Natural obstacles that secure the flanks have practically the same effect upon deployment. (439)
454. Regiments, battalions, and companies deployed side by side. Except when assigned as supports or reserve, regiments in the brigade, battalions in the regiment, and companies in the battalion are, when practicable, deployed side by side. (440)
455. Battalions furnish firing line and supports; larger units furnish reserves; employment of reserve. In the deployment, battalions establish the firing line, each furnishing its own support.
In each unit larger than the battalion a reserve is held out, its strength depending upon circumstances. In general, the reserve is employed by the commander to meet or improve conditions brought about by the action of the firing line. It must not be too weak or too split up. It must be posted where the commander believes it will be needed for decisive action, or where he desires to bring about such action. When necessary, parts of it reenforce or prolong the firing line. (441)
(For the battalion in Attack, see pars. 342-346)
456. Fire superiority means success; how to obtain fire superiority. An attack is bound to succeed if fire superiority is gained and properly used.
To gain this superiority generally requires that the attack employ more rifles than the defense; this in turn means a longer line, as both sides will probably hold a strong firing line. (442)
457. When frontal attack may be successful. With large forces, a direct frontal attack gives the attacker little opportunity to bring more rifles to bear. However, if the enemy is unduly extended, a frontal attack may give very decisive results. (443)
458. When turning movements are allowable. Owing to the difficulty of control and the danger of the parts being defeated in detail, wide turning movements are seldom allowable except in large forces. (444)
459. Advantages of enveloping attack. If the attack can be so directed that, while the front is covered, another fraction of the command strikes a flank more or less obliquely (an enveloping attack), the advantages gained are a longer line and more rifles in action; also a converging fire opposed to the enemy's diverging fire. (445)
460. Envelopment of both flanks. An envelopment of both flanks should never be attempted without a very decided superiority in numbers. (446)
461. Enveloping attacks result in local frontal attacks; advantage of envelopment. The enveloping attack will nearly always result locally in a frontal attack, for it will be met by the enemy's reserve. The advantage of envelopment lies in the longer concentric line, with its preponderance of rifles and its converging fire. (447)
462. Cooeperation between frontal and enveloping attacks; the two attacks to be deployed considerable distance from hostile positions. Cooeperation between the frontal and enveloping attacks is essential to success. Both should be pushed vigorously and simultaneously, and ordinarily both should move simultaneously to the charge; but at the final stage of the attack conditions may sometimes warrant one in charging while the other supports it with fire.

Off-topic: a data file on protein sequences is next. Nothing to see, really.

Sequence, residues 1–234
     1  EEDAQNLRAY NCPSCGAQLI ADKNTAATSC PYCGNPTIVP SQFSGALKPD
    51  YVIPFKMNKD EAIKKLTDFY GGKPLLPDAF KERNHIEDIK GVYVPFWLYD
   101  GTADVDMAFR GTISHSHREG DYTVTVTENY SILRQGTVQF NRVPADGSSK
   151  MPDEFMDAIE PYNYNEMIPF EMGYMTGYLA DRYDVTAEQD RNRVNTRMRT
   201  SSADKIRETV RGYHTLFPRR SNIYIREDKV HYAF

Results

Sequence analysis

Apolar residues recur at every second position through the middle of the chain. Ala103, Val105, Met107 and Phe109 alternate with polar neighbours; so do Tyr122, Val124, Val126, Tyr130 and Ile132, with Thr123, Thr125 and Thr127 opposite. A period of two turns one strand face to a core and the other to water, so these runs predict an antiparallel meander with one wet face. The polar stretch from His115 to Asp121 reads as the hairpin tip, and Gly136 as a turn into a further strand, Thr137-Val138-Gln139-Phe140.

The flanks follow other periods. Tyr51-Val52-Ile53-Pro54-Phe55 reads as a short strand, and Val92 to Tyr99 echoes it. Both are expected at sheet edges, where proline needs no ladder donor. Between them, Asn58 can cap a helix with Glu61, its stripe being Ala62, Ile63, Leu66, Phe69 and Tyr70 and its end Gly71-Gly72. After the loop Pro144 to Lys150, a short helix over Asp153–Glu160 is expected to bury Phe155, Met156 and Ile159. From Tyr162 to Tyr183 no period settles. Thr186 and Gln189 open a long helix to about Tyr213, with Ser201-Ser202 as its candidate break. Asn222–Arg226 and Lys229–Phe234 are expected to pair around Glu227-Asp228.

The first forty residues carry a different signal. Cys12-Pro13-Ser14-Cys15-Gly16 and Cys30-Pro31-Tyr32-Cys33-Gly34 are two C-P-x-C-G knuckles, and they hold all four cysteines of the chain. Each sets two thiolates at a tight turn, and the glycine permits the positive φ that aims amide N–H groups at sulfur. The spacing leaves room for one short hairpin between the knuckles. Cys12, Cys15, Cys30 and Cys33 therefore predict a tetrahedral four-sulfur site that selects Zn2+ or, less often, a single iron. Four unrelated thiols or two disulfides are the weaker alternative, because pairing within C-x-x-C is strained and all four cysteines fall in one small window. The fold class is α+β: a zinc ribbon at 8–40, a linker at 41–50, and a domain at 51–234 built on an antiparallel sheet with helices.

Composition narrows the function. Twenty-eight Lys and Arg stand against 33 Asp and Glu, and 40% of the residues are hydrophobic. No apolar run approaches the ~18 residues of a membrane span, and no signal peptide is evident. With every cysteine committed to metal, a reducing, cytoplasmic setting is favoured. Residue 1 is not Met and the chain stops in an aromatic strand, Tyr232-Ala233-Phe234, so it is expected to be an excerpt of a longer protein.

The envelopment of a flank is brought about with difficulty when made by troops already deployed in another direction or by their reserves. The two attacks should be deployed at a suitable distance apart, with the lines of attack converging in rear of the hostile position. The troops that are to make the enveloping attack should deploy in the proper direction at the start and should be given orders which enable them to gain their point of deployment in the most direct and practical manner.
The enveloping attack is generally made the stronger, especially in small forces. (448)
DEPLOYMENT FOR ATTACK
463. Distance from hostile position at which deployment is made; foreground to be cleared of hostile detachments before deployment. Where open terrain exposes troops to hostile artillery fire it may be necessary to make the deployment 2 miles or more from the hostile position.
The foreground should be temporarily occupied by covering troops. If the enemy occupies the foreground with detachments, the covering troops must drive them back. (449)
464. Moving well forward and deploying at night. To enable large forces to gain ground toward the enemy, it may sometimes be cheaper and quicker in the end to move well forward and to deploy at night. In such case the area in which the deployment is to be made should, if practicable, be occupied by covering troops before dark.
The deployment will be made with great difficulty unless the ground has been studied by daylight. The deployment gains little unless it establishes the firing line well within effective range of the enemy's main position. (See Night Operations, par. 580-590.) (450)